More broadly, it has been clear for several years that there is a widespread desire for American leadership in Asia, more so than at any time in recent decades. The Philippines is welcoming American forces to Subic Bay a quarter of a century after the U.S. Seventh Fleet left. Old wartime enemy Vietnam is offering ever more of its port facilities to the U.S. fleet. Burma seeks closer military ties. Singapore has installed newly built naval facilities tailored to serve American warships even if as it pays lip service to a position of neutrality in the U.S.–China rivalry. Malaysia has upgraded strategic and intelligence ties with the United States. Further afield, the legacy of George W. Bush in terms of his strategic courtship of India continues to advance. Only Thailand, with its undemocratic government partially shunned by Washington, appears to be drifting away toward China’s embrace. And also, there is North Korea.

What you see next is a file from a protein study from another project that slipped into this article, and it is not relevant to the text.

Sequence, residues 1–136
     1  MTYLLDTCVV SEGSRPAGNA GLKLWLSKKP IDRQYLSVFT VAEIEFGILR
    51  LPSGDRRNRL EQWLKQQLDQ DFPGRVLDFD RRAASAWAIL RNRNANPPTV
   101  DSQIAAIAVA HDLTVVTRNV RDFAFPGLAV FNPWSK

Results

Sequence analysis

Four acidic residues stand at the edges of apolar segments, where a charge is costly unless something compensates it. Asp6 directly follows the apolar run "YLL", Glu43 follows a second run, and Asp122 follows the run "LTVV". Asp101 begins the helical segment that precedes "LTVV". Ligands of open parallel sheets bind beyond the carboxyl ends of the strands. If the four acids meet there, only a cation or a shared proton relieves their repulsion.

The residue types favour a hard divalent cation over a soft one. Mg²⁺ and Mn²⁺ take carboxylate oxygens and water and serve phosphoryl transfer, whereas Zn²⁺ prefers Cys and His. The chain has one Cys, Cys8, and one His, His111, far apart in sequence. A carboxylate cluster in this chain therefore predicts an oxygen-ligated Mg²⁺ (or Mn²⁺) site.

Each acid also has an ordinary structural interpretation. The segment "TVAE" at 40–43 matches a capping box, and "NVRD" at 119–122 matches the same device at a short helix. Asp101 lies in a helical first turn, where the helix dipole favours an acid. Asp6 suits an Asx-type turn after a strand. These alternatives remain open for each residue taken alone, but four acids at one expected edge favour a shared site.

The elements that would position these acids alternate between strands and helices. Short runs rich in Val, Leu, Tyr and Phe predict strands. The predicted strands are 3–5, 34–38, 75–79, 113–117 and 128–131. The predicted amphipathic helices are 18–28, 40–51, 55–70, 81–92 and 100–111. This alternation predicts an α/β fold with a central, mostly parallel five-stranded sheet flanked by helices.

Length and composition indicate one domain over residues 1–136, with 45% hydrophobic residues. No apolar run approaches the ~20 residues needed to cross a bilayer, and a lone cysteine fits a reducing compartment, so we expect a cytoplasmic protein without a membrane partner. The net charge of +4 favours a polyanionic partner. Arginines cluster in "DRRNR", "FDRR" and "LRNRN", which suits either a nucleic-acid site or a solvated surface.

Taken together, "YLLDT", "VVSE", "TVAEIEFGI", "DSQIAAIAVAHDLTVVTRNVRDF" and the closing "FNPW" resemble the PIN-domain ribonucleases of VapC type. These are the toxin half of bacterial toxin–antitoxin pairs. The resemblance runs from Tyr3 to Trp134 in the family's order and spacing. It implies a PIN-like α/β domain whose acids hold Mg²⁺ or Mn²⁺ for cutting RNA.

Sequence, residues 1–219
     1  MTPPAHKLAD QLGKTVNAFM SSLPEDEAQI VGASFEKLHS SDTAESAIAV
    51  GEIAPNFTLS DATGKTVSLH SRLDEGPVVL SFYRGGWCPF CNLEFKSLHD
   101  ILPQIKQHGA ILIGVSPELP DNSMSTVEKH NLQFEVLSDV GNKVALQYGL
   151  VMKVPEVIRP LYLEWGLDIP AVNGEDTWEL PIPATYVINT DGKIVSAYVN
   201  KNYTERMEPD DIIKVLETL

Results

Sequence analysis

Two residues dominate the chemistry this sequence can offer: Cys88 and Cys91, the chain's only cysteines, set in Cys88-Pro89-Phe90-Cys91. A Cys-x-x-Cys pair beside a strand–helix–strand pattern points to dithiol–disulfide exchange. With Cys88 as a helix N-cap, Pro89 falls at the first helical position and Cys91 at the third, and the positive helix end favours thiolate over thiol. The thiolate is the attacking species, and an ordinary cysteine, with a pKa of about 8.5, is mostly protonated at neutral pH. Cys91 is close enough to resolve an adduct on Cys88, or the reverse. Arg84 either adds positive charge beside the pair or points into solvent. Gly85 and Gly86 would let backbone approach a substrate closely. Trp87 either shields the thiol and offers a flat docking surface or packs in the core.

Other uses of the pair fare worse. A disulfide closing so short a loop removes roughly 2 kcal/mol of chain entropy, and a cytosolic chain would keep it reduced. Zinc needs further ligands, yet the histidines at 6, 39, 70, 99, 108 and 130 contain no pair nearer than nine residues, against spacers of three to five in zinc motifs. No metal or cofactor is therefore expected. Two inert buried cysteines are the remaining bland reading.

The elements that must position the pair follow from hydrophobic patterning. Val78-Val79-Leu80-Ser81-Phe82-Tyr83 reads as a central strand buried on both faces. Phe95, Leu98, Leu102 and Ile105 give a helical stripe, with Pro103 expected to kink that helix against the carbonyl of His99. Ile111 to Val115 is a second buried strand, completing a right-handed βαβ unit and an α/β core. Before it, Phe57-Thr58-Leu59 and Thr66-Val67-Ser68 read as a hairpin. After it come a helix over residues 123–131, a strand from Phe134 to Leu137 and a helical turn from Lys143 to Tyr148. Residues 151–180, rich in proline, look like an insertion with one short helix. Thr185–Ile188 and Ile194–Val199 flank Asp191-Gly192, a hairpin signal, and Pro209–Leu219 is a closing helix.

All countries in the region, know there is no military balance in Asia without a fully engaged America, which is why they will lay down the welcome mat for the new president to pursue a more ambitious and active role in Asia.
All the while, China is becoming economically vulnerable and increasingly isolated. The tables seem to be turning in Asia—in part due to the inherent political and economic failings of a closed, authoritarian, and corrupt regime; in part due to the bluster and aggressive behavior of a rising power; and in large part because the counties in the region understand that their security, independence, and prosperity is best served by unity of purpose and unity with America in the face of a well-armed and increasingly aggressive neighbor. China’s militarism, on one front, and diplomatic recalcitrance, on others, along with the inevitable flare-ups in nuclear armed North Korea have reaffirmed Washington’s status in Asia as the indispensable nation.
John Lee is a senior fellow at the Hudson Institute in Washington, D.C., and an adjunct associate professor at the Australian National University.